Where’s A Wishing Fountain When You Need One?


Image by Noel C. Hankamer via Flickr

You know, I’m going to wake up at 3:45AM and get ready for work tomorrow. But I want awfully to write, I feel as though I have something to say.

I wish human beings were not so complex, I wish I could be happy spending time with my mother or speaking to Heather or seeing Matthew (aka – Chase) and have the moment be simple. Cut and dry. I wish nothing bothered me, so I could be happy and people could be happy with me. I wish I never got angry or annoyed, people seem so terrible when they’re angry or annoyed. How wonderful it would be to only ever be content and accepting of circumstances. How easy it is to like who I am when I am content, when I’m rational, aware.

I wish I were simple. But sometimes (too, too often) I do and say things that don’t even make sense to me. I want to be fair and understanding but my impulse is always to judge and assume. I’m much better than I could and used to be, but this should not be enough. I don’t feel like it should be, anyway. Perhaps I’m wrong about everything, how am I to know until the future in retrospection of today?

I’ve been wondering things often that don’t make sense, and I wish I had someone to ask. There is a constant, nagging feeling that there is an absence in my life that should be filled. Like a missing piece of a puzzle.

Heather has changed a lot in the past year – she’s still who she has always been in person, but her words lately have evidenced outside influences on her phrasing and reactions. So much is happening in her life, that I don’t feel the genuine interest that used to be present when I would bring up current events in my life. I’ve never felt lonely before, not really, not until recently.

You know when a child stumbles and falls, how, as soon as the child stands they know immediately what face to look for to run to? I feel as though I’m looking for a face that does not exist. A person with no name or form. Heather will always be my Watson, my closest friend, the absence I feel is apart from her presence. Unrelated.

My last few posts have had a rather negative edge, when truthfully my days are much brighter due to my unofficial happiness experiment. It’s just moments such as these, after a day such as this, that has me writing in a manner such as that.

Now, I should certainly sleep, as I feel whatever was pestering my subconscious has made itself known.




An Odd Sort Of Loneliness


Image by julietteculver via Flickr

Have you ever written, knowing from the start that the words have nowhere to go? You’ve created no endgame, there is no goal or point or even a mental outline. No lessons to describe because as far as you know you haven’t learned a thing.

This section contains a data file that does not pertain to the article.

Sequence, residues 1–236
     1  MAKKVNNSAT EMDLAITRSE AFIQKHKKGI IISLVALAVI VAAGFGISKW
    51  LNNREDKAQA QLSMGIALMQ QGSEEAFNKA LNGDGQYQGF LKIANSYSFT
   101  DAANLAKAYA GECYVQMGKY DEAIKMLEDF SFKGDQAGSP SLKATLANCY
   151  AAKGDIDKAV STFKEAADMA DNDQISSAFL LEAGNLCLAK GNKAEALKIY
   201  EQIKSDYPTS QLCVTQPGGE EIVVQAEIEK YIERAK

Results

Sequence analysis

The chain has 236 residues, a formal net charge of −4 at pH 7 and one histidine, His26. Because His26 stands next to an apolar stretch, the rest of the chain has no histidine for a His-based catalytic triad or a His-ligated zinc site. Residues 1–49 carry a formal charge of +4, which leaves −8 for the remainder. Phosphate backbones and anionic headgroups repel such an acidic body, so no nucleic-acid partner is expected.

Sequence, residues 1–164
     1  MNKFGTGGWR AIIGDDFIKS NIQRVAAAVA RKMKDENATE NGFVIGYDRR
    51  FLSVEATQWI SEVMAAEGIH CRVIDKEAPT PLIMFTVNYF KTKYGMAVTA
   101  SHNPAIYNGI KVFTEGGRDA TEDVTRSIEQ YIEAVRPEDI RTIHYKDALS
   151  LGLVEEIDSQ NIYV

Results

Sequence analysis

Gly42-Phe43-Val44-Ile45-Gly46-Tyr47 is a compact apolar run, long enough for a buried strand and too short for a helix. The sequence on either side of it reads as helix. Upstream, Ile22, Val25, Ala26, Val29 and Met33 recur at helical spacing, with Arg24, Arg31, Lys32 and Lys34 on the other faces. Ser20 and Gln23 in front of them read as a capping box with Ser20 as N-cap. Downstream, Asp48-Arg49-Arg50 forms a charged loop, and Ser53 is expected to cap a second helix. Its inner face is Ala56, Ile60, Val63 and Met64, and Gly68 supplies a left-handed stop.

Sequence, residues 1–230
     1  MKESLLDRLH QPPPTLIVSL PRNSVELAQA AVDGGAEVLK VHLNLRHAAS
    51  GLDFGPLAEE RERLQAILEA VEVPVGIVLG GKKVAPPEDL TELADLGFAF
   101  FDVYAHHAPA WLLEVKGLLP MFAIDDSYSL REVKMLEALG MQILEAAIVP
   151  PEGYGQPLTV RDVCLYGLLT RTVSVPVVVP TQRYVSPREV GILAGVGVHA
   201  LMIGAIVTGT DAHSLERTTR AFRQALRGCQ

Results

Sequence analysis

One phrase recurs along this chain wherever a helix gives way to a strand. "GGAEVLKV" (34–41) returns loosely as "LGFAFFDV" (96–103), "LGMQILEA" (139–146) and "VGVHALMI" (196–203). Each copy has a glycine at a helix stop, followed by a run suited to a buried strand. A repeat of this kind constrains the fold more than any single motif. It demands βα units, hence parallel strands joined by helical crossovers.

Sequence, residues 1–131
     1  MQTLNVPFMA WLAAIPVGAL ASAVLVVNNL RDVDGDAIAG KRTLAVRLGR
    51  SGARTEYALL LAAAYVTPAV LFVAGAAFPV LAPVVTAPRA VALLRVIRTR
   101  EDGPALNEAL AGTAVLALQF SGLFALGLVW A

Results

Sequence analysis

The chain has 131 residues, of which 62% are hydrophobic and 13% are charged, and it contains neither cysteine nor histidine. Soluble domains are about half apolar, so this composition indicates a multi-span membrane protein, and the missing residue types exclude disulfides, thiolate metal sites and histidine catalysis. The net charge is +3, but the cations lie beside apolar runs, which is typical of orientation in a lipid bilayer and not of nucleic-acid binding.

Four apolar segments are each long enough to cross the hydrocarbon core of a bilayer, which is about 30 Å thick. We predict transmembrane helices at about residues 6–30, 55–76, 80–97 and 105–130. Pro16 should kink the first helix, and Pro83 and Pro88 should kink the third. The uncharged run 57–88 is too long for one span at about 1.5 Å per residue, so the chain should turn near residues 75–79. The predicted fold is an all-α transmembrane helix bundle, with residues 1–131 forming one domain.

I suppose I simply feel like writing tonight – I had a bit of an idea in my head, several really, I even thought of an opening sentence that would have been a tad interesting (or at least intriguing enough to keep someone reading a bit longer…)

Often lately I find that, typically in the dead of night I have a sudden need to talk to somebody – to start a conversation with no intent of leading it anywhere, just talking to talk and hear their voice. I love listening to people talk, I like falling asleep with the television on downstairs because I enjoy listening to people on the news discuss trivial and monumental things. Sometimes I wish I could just call Olga or Heather at two ‘o clock in the morning, because I want to listen to someone talk, and talk to them. It’s a really a bizarre sort of loneliness, when you think about it. And it very typically comes about in the wee small hours when I’m most alone – which is odd, usually when it’s very late I enjoy solitude because the world seems so silent and peaceful. But even now I simply want to talk to somebody. For a moment I could wish that this was for some poetic reason – perhaps the need to feel a human connection through verbal discussion while I contemplate my loneliness in the silent hours of chaotic days.

No, though.

I just want to talk to someone sometimes – just because.




Some human beings live to be 100 – and others survive mere hours after their emergence into the world. In either and any case, the people that love them the most will always say that they died young. Age has never been a factor accounted for in the cases of the old, and is the only thing considered in the cases of the young.

Pocket watch, savonette-type.

Image via Wikipedia

When I die young, I hope I’m remembered for what I did, not what I could have done. Suppose I die young at 20, or 50, or 80 – I hope time is not considered. Because while character is reflected in actions, it’s also reflected in presence. (I mean that one should be remembered by the impression they leave on others.) Perhaps I’m just an awfully overemotional person (who am I kidding? I am just an awfully overemotional person,) but a day doesn’t go by that I don’t wonder how I affect other people.

What on earth defines character? If reality is perception and perception varies with each and every individual (we don’t even have any reasonable way of knowing that we feel the same emotions in the same way as other people – we have only vague descriptions we give each other to describe the pain of losing someone or the joy of discovery,) then does not character vary – the essence of character, that is? Is it a tad useless to seek out traits of honorability when honorability cannot be universally defined? Yes, I see that the questions are absurd, and it takes only a few moments to answer them. But I still ask them anyway because they seem to me to be worth asking. It seems like people forget to ask – or otherwise never wanted to in the first place. I suppose then I should wonder what sort of person would ask absurd questions like that if I’m asking them. Questions that seem to have answers before I’ve finished writing the last word.